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ReactJS server-side rendering vs client-side rendering

Posted by: admin November 30, 2017 Leave a comment

Questions:

I just have began to study ReactJS and found that it gives you 2 ways to render pages: server-side and client-side. But, I can’t understand how to use it together. Is it 2 separate ways to build the application, or can they be used together?

If we can use it together, how to do it – do we need to duplicate the same elements on the server side and client side? Or, can we just build the static parts of our application on the server, and the dynamic parts on the client side, without any connection to the server side that was already pre-rendered?

Answers:

For a given website / web-application, you can use react either client-side, server-side or both.

Client-Side

Over here, you are completely running ReactJS on the browser. This is the simplest setup and include most examples (including the ones on http://reactjs.org). The initial html rendered by the server is a placeholder and the entire UI is rendered in the browser once all your scripts load.

Server-Side

Think of ReactJS as a server-side tempting engine here (like jade, handlebars, etc…). The html rendered by the server contains the UI as it should be and you do not wait for any scripts to load. Your page can be indexed by a search engine (if one does not execute any javascript).

Since the UI is rendered on the server, none of your event handlers would work and there’s no interactivity (you have a static page).

Both

Here, the initial render is on the server. Hence, the html received by the browser has the UI as it should be. Once the scripts are loaded, the virtual DOM is re-rendered once again to set up your components’ event handlers.

Over here, you need to make sure that you re-render the exact same virtual DOM (root ReactJS component) with the same props that you used to render on the server. Otherwise, ReactJS will complain that the server-side and client-side virtual DOMs don’t match.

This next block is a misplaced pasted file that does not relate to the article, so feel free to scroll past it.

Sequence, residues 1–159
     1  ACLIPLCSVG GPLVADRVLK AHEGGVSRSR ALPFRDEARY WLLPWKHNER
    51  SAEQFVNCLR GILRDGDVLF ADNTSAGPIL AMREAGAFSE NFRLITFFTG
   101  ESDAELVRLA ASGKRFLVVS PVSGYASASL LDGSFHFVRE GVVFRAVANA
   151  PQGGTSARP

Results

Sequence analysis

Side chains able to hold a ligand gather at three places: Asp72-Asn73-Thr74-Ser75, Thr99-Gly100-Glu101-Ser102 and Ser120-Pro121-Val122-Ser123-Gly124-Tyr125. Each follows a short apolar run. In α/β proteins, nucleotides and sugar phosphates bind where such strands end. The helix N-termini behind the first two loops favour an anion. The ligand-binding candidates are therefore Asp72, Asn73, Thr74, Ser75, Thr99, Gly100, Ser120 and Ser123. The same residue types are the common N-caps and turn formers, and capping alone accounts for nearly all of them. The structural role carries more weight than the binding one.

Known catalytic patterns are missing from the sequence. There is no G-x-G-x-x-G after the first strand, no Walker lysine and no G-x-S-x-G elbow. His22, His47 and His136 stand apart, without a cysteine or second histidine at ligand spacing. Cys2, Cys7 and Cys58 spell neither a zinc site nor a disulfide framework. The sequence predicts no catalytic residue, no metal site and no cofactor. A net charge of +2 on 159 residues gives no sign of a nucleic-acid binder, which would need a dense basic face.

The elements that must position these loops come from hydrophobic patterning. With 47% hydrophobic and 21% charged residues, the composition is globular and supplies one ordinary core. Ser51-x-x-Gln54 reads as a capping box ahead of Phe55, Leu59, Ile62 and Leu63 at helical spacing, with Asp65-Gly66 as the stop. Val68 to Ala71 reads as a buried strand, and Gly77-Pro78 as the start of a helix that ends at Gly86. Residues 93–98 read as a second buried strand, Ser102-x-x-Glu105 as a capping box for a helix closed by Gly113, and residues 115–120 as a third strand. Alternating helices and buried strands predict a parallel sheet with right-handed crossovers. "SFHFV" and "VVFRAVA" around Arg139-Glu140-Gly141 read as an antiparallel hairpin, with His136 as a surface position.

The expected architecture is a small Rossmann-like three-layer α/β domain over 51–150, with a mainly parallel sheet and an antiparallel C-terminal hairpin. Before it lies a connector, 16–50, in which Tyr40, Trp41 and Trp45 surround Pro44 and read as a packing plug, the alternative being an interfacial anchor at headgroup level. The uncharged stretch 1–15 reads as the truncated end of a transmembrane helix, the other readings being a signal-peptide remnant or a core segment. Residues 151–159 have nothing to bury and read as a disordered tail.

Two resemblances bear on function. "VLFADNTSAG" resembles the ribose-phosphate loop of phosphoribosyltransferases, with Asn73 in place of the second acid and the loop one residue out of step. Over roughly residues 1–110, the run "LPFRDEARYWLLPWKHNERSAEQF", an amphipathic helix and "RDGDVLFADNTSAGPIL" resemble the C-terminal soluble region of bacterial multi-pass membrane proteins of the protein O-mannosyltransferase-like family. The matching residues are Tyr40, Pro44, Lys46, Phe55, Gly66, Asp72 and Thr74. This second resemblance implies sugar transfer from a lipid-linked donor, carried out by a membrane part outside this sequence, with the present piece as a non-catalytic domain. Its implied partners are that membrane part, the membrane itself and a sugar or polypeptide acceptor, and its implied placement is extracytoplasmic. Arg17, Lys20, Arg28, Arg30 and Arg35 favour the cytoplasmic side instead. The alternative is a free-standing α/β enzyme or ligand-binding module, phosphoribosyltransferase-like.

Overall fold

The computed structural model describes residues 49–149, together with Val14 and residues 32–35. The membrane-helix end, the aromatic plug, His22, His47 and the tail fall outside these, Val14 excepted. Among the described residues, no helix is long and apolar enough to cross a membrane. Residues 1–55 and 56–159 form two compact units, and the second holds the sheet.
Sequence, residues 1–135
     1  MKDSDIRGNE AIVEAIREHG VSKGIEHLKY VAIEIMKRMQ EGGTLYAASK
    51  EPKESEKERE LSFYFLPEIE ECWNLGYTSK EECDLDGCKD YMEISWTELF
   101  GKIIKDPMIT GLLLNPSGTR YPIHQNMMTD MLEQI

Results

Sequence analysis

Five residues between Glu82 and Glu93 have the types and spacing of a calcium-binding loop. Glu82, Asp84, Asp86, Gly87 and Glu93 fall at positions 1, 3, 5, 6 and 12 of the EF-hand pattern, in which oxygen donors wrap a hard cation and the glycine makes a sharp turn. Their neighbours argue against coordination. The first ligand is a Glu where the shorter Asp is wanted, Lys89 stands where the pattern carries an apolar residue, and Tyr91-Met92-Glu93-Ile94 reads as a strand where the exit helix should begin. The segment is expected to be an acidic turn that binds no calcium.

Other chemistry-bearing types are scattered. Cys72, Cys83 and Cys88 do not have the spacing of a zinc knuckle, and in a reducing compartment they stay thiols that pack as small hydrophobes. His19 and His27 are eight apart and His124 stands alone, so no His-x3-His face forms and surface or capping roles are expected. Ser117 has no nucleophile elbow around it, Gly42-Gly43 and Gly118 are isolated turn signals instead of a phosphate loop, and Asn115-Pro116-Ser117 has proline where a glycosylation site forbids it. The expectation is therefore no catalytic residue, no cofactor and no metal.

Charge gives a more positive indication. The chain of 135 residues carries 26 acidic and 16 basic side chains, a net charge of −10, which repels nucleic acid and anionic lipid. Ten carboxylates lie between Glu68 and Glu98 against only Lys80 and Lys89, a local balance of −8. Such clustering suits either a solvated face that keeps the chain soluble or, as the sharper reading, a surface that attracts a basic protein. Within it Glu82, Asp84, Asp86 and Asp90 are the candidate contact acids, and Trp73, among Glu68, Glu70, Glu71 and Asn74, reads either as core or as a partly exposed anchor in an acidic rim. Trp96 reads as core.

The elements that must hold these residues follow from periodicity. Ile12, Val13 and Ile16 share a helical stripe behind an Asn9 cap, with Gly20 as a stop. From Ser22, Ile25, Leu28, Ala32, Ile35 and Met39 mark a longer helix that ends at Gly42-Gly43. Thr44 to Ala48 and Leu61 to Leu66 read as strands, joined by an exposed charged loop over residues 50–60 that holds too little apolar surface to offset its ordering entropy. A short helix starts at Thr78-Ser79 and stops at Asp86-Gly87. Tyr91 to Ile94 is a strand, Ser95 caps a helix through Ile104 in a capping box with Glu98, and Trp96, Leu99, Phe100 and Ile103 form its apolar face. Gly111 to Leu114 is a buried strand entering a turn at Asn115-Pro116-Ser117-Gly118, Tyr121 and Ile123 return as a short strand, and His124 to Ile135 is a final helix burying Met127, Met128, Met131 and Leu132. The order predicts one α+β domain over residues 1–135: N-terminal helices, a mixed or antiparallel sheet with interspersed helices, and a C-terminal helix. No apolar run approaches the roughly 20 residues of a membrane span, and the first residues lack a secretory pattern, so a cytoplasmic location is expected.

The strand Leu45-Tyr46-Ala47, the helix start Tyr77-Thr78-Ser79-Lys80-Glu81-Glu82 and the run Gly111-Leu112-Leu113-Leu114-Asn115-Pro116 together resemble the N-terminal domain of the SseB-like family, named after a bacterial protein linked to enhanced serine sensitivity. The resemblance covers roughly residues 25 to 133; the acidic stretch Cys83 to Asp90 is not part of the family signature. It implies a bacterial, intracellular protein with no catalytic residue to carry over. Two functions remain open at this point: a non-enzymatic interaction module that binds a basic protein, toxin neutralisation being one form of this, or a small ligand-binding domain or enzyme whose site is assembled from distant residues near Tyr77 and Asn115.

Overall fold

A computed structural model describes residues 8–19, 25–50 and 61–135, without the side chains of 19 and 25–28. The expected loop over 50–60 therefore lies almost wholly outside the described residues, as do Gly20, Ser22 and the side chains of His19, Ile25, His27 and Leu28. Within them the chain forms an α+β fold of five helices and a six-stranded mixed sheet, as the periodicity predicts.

Since ReactJS diffs the virtual DOMs between re-renders, the real DOM is not mutated. Only the event handlers are bound to the real DOM elements.

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Image source: Walmart Labs Engineering Blog

SSR

CSR

NB: SSR (Server Side Rendering), CSR (Client Side Rendering).

The main difference being that with SSR, the servers response to the clients browser, includes the HTML of the page to be rendered.
It is also important to note that although, with SSR, the page renders quicker. The page will not be ready for user interaction until JS files have been downloaded and the browser has executed React.

One downside is that the SSR TTFB (Time to First Byte) can be slightly longer. Understandably so, because the server takes some time creating the HTML document, which in turn increases the servers response size.

Questions:
Answers:

I was actually wondering the same researching quite a bit and while the answer you are looking for was given in the comments but I feel it should be more prominent hence I’m writing this post (which I will update once I can come up with a better way as I find the solution architecturally at least questionable).

You would need to write your components with both ways in mind thus basically putting if switches everywhere to determine whether you are on the client or the server and then do either as DB query (or whatever appropriate on the server) or a REST call (on the client). Then you would have to write endpoints which generate your data and expose it to the client and there you go.

Again, happy to learn about a cleaner solution.